as a whole. despite what the present day supporters of the old often like to say many of koreans did not approve of them and thereby its methods are natural and often chose to try and protect the defenseless polish population here jli at the risk of their own lives and the lives of their families there are multiple witness accounts that testified to that. not. both polish and russian historians agree that the forces had killed at least seventy thousand ethnic ukrainians. i mean you know the voice of their fellow countrymen. their blood brothers and sisters. were sure. to three years ago poland's institute of national remember and published a book called the book of the righteous of the eastern borderlands. on the book
was about the ukrainians who gave their lives for refusing to join me own. human form. and for trying to rescue their polish family members and neighbors. mission with more. supple and skims from whom. this is still one of the most isolated and mysterious places in the world old legends of cannibals make many people afraid to travel here are they going to put us on the menu the europeans have been here for less than a hundred years few people know what secrets lay hidden within these forbidding mountains. they said a bunch of cannibals killed and ate a group of shamans
a russian plane one of the biggest in the world flies a couple in the guineas wild mountains for the very first time. villages have never even seen a come. what will they make of this huge steel bug. european workers are told never to venture out alone. truths and myths oh no it's easy. to fail it is an obvious point in cyprus and this is spreading out to other countries the central bank using the euro and electronic dirty simply take your money it's outside a store of value if you just take the money equipment going in a block and you don't have that risk. plug right on the same place first street. and i think the church. playing. on our reporters twitter. and instagram.
a pleasure to have you with us here on t.v. today i roll researcher. live world. science technology innovation all the list of elements from around russia we've gone to the future or covered. if they go to in october one thousand nine hundred thirty nine one of our family friends alerted my mother and grandmother that they were supposed to be arrested the following day so they run away from the village they left in to the city of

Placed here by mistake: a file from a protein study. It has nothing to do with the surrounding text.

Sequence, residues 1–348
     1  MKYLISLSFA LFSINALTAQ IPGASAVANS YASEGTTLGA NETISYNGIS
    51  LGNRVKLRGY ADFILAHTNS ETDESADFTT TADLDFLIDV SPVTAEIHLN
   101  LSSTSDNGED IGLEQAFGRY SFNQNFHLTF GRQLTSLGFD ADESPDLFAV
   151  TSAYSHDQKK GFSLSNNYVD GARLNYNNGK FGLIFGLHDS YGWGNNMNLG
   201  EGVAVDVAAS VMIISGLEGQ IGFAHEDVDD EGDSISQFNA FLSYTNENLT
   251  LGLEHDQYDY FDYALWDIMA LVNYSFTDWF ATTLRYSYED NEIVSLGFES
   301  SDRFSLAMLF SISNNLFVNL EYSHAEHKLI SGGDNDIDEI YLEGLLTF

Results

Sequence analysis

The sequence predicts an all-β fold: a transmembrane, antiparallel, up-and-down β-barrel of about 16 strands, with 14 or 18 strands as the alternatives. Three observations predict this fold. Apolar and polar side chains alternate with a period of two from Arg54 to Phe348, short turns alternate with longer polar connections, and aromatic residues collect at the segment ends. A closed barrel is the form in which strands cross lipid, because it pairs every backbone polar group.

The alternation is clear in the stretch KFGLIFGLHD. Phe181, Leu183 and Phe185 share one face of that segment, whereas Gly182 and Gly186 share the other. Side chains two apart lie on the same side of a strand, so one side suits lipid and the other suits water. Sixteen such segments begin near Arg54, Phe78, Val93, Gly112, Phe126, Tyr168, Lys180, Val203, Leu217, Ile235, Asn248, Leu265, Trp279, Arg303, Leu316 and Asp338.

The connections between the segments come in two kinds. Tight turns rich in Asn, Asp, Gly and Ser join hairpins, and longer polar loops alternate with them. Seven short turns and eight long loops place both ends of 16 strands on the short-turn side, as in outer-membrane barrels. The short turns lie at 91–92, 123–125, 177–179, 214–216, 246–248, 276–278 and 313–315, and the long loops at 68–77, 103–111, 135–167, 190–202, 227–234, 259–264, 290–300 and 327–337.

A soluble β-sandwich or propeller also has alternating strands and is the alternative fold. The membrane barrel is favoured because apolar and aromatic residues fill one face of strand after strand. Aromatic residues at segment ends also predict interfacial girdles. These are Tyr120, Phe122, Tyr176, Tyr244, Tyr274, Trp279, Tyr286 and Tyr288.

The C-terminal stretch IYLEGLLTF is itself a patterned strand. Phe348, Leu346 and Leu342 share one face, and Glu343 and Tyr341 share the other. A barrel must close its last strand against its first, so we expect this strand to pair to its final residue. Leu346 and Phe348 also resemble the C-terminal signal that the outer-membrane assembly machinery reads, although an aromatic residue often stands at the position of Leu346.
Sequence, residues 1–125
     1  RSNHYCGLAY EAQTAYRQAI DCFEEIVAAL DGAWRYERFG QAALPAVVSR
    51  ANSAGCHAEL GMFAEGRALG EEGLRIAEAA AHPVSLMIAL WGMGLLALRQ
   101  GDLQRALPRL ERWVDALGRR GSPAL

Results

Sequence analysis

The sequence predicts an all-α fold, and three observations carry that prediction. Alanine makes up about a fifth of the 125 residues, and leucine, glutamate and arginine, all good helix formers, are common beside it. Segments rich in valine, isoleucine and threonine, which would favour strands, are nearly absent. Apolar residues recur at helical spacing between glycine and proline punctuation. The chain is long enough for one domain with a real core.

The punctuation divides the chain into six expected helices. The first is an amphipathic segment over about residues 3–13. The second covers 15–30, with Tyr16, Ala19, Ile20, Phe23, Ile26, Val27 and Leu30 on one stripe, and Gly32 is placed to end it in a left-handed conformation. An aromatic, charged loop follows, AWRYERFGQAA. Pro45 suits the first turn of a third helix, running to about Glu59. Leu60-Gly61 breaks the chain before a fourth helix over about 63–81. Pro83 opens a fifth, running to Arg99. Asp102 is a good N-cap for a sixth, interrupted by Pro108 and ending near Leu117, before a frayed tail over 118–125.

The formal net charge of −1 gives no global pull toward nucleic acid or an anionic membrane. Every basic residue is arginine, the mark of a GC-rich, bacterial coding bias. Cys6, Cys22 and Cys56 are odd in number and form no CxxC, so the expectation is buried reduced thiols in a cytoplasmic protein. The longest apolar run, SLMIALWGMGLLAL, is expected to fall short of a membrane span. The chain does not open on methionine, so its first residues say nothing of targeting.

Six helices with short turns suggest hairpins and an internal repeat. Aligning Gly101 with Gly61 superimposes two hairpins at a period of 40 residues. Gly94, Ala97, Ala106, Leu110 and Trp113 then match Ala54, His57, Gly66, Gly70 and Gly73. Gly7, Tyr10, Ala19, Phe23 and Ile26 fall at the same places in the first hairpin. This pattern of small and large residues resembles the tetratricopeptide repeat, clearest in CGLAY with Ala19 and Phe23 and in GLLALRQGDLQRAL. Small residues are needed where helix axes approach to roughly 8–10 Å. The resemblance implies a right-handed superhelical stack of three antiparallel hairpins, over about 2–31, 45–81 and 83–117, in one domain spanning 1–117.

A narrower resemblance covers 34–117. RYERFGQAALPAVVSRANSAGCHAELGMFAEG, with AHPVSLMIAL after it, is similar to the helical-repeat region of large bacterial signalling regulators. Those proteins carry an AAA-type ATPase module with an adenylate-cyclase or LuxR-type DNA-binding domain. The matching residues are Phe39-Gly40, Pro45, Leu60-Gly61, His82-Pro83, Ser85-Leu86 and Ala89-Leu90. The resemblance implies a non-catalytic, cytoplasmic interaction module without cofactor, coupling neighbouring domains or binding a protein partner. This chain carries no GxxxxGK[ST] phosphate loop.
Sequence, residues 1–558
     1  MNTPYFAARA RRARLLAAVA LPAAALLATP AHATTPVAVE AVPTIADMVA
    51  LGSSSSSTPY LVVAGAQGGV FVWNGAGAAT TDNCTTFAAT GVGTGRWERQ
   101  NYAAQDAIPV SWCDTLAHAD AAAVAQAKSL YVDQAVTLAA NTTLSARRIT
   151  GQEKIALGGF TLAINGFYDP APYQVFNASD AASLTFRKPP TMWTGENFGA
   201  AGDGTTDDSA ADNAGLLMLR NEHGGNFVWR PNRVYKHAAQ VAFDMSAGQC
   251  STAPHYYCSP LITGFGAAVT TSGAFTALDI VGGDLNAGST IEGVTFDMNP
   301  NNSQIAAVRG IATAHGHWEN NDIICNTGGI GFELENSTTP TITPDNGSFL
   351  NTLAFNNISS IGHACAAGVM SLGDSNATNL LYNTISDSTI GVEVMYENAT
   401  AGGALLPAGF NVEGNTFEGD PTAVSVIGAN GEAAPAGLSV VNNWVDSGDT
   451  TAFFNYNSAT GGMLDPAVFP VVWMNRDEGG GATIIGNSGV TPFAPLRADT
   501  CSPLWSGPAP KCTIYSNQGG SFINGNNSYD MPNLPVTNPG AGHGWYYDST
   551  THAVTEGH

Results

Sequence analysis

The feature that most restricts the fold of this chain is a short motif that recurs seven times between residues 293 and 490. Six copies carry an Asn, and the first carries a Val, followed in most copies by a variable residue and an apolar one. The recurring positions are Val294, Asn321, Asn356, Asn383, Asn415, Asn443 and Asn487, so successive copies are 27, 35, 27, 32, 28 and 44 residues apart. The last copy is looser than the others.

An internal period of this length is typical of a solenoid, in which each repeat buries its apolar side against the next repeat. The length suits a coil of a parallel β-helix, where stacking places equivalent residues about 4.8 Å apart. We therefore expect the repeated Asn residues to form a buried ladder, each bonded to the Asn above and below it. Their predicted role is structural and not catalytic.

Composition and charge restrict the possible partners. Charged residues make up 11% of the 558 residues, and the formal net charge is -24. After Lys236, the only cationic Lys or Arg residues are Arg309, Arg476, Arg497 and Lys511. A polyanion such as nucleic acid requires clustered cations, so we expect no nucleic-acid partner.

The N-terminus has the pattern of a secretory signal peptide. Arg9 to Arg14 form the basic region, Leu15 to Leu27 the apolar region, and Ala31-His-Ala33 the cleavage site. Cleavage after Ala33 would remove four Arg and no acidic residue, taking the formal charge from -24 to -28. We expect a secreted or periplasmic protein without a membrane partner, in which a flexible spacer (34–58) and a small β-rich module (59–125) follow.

cork if where they had changed their last name and so money to survive through the war that's why i know that the attitude of different ukrainians towards poles and their tragedy was different rules. novel uses to my mother's neighbors involved saved her life twice their own forces were ordered to kill all poles but it turned out they were neighbors who warned people and saved their lives they saved my mother so i can say that i am proof of the friendship between poland and ukraine. the i used them redeemed of all of them. being searched. when we hear the stories of those who survived they usually speak about ukrainians that helped them go through this and the poles were fighting for
their lives so it was natural. but it was a real heroic deed and display of courage on the part of those who were helping them it's a bubble but the books so the heroes are among those who were saving the poles. polish film director might say wait sokolsky knows about the events in bolivia a bit more than most of his colleagues because he actively participated in making a documentary named there once was a village the film tells the tragic story of one of the polish families in the village of. in valya who became victims of the massacre. the documentary has recently been broadcast by poland's first t.v. channel and caused a massive public outcry but it didn't stop another polish film studio from working
on a similar documentary a script writer and film director banaszak says that the modern youth knows very little about the events in valencia recently a small action group in poland has launched historical reconstructions but a veil over the truth about valya had been grown for too long however as strange as it may seem this topic is still quite unpopular within polish political circles. sixty nine almost seventy years ago the same thing took place and nowadays people don't usually talk about it very few people are aware it's not discussed the situation has changed over the last year but people just don't care. the truth is being covered up no one is really interested. the fact that the polish parliament fails to adopt a resolution that would pertain that is genocide is a huge scandal in my view that the parliament is trying to justify the actions of